By Ruben A. Pro: Guest columnist
I believe I have part of the problem facing this country now.
What we need now is what has been missing for almost two generations or more — we need national heroes, whether real or fictional.
The past two or three generations have missed what my 1930s and ’40s generation had and still holds dear. We had World War II heroes in Colin Kelly, Roger Young and Audie Murphy (Army). We also had fictional heroes that included Superman, Batman, The Green Hornet and, my favorite, The Lone Ranger.
These real and fictional people made us proud to be Americans. They instilled in many of us pride of country and respect for law and order.
Please allow me a moment of your time to pass on to you my feelings of The Lone Ranger.
Clayton Moore has passed on, but he will be forever remembered by my generation as the voice of the Lone Ranger on the radio and Republic cowboy movies.
Moore’s voice not only commanded authority, but demanded action — that is to be a better citizen and to have respect for law and order.
As you read this, remember I am now 73 years old and still love this country as if I were a young whipper-snapper.
I used to go home from PS 101 located in Forest Hills, Queens, N.Y., back in the early ’40s. The moment I left the doors of PS 101 pretending I was riding the Lone Ranger’s horse, I would yell “Hi-Ho-Silver Away.”
Arriving home safely, but puffing, I would leave Silver on the back porch to reclaim him in about 20 minutes for the ride back to school.
I knew then as I know now that my actions were silly, but The Lone Ranger was my idol. I wanted so badly to do something to pattern my life after him. I wanted to give my country a gift of me. It mattered not if nobody knew. I knew and that was enough for me.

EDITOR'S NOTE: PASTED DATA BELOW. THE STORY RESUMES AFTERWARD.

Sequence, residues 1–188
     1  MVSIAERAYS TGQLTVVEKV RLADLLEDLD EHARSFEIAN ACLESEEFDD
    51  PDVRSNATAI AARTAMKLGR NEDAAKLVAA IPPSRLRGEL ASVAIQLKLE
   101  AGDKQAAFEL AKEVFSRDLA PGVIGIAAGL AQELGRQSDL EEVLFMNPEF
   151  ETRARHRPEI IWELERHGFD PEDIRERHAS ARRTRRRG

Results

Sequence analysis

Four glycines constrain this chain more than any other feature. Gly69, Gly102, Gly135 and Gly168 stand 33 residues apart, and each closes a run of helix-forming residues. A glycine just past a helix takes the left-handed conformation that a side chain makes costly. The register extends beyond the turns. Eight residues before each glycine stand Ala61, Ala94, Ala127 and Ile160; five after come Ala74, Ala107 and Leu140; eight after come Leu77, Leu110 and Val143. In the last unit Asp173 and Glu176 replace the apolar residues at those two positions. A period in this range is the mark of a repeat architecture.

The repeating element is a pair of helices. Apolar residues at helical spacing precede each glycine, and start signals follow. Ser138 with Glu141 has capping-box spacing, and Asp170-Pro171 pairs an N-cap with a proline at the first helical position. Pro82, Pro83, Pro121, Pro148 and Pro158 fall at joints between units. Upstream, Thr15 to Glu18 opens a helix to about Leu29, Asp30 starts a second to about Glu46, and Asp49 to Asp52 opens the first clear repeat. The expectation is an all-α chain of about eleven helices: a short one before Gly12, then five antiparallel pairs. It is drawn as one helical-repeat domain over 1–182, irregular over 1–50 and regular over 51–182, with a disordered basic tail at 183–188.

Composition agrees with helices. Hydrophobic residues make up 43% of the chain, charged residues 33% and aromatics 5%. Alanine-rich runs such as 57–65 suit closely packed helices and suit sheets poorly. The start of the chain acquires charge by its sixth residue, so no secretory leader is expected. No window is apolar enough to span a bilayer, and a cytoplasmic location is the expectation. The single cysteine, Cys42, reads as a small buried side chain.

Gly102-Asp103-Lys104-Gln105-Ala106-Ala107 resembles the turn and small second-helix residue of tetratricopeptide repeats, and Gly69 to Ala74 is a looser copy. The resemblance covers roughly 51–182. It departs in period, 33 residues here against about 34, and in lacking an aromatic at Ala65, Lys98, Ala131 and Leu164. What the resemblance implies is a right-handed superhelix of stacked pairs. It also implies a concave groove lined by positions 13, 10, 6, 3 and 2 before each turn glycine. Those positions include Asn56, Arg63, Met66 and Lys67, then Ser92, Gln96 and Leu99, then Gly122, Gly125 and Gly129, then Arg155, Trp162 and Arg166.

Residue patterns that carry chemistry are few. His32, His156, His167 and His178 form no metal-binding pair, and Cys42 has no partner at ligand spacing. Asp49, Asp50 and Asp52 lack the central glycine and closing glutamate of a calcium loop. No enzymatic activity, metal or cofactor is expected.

So, on my 18th birthday I enlisted in the United States Army. I was proud beyond words. I was serving my country.
I was honorably retired from service in March 1980. Many thanks, Lone Ranger. It was a very rewarding career.
Many years later, my wife and I were on vacation driving down a major highway when a tape of the William Tell Overture began to play. Of course we both knew this was the theme music to the Lone Ranger.
We also knew there is a part of this overture that builds to a crescendo. At that point I looked over at my wife, because she too loved my hero, and said, “Oh what the heck” and I yelled “Hi-Ho-Silver” and we both had a good laugh.
So today, if by chance someone were to ask me, who was that Clayton Moore who wanted to wear a mask, who believed in law and order and love of country, I simply would reply, “My friend that was the Lone Ranger.”
Now please go out and find a hero or a mentor and give back to a country that has given all of us such blessings.
Ruben A. Pro is a resident of Clovis and frequent contributor to the Opinion page. He may be contacted at 769-0044.